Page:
"To be a credible international coach, they need to have international experience. If they haven't played international cricket, then you get that situation where they can only get international experience by coaching but they need it in order to coach. That's the situation we're in at the moment."

- Andrew Strauss, director of England cricket, May 12

Peter Moores was fired as England coach for the second time on May 9. But such has been the chaos since that little has been made of it. We have been talking about trust, triple-centuries and trouble-makers instead. Briefly there seemed consensus that while Moores, in his second stint, might well have been the wrong appointment, he was also the latest in an ever-extending line of folk treated poorly by the suits at Lord's.

Beyond the rights and wrongs of Moores' dismissal, what does it mean? He was, after all, dubbed the "outstanding coach of his generation". He was the only man to coach two different counties to the Championship, and achieved that eight years apart. He also enjoyed a successful stint as ECB academy director. Peter Moores was the chosen one, twice.

Twice, the outstanding coach of his generation was not good enough for England. However much some current players, Joe Root prominent among them, pump up Moores' tyres in public and in private, Strauss said he had "limitations in the international arena around strategy and tactics". It became a question of credibility, of respect, among the players, media and supporters.

Those tipped to replace Moores - Jason Gillespie, Tom Moody, perhaps Gary Kirsten - are different. They are former international cricketers and they are foreign. They come with status. We may have seen the last England coach without experience - be it coaching or playing - in the international game.

So what does Moores' failure, Strauss' comments and the candidates in the frame to replace Moores say about the system in which he shone so brightly? After all, if the county system is expected to produce players to play for England, surely it should produce coaches too?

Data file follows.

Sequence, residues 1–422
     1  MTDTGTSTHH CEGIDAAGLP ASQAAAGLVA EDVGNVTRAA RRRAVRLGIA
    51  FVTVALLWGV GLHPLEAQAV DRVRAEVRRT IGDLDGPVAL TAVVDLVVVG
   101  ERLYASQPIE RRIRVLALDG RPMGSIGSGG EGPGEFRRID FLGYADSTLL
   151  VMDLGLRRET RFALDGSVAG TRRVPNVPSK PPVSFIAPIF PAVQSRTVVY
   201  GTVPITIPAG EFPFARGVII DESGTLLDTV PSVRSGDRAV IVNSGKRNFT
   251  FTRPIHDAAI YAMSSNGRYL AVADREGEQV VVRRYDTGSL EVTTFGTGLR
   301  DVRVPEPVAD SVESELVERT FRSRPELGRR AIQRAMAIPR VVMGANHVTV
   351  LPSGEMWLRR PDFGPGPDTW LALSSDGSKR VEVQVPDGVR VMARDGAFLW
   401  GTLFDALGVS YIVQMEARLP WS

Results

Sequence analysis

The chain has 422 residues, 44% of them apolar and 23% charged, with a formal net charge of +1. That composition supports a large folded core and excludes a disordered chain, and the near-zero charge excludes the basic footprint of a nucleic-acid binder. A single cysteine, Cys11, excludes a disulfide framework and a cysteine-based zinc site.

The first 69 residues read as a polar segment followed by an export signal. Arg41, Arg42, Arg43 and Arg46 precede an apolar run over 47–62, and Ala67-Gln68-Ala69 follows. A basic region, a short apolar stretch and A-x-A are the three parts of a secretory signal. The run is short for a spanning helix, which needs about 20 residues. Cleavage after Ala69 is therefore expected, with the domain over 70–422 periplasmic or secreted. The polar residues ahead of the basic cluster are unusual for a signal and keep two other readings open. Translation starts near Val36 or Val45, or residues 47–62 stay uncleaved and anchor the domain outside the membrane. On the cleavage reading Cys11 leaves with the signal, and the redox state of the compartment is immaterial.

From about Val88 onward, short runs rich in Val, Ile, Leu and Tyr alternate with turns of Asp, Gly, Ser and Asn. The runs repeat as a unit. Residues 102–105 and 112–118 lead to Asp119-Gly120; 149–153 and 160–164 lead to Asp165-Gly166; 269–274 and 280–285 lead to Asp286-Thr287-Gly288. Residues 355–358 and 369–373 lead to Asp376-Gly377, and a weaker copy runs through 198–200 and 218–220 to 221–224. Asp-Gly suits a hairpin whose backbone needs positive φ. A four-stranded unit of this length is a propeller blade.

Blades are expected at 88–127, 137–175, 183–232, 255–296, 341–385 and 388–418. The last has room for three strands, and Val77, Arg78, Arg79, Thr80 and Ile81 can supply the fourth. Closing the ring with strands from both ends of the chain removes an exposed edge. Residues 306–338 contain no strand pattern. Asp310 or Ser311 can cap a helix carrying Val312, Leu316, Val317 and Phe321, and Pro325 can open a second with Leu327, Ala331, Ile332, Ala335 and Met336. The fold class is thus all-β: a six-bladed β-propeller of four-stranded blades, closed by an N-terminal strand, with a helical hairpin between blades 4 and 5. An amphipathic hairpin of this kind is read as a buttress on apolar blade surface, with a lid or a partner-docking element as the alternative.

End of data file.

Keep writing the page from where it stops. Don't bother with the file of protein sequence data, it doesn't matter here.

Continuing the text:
"For every Gillespie, Atherton, Hussain and Reiffel, there is a Hesson, Haigh, Martin-Jenkins or Taufel, who soared without professional experience"

There are those who argue that Moores' second coming was a corporate decision, with the ECB desperate to prove the brilliance of its system: Trevor Bayliss, one candidate, was told at the time that Moores was appointed that not being English was a disadvantage.

Is this now an admission that Loughborough has failed, and isn't producing coaches of the necessary quality? And if Moores can't cut it, which county-reared, uncapped coach can? Where, coincidentally, are all England's internationals going, if they're not on Strauss' radar?

If coaches are simply barred from working for England for not having international experience, then what do quality operators such as Mick Newell or Mark Robinson - who have both won the Championship as many times as Moores - have to aspire to? Is it fair that an individual's first cricketing life - the playing bit - should define the second?

After Moores' second-innings dismissal, Robinson - whose first steps in coaching came as Moores' assistant at Sussex - was quick to pick up on the changing landscape telling the Argus: "The goalposts seem to have moved… at the moment it seems that if you have not played international cricket then you've got no chance."

His conclusion, regretfully not explored in any depth, was that the media was to blame. "Myself and others will think their CVs stack up pretty well but the media play a part in governing public opinion, so it depends whether the ECB are influenced by the media."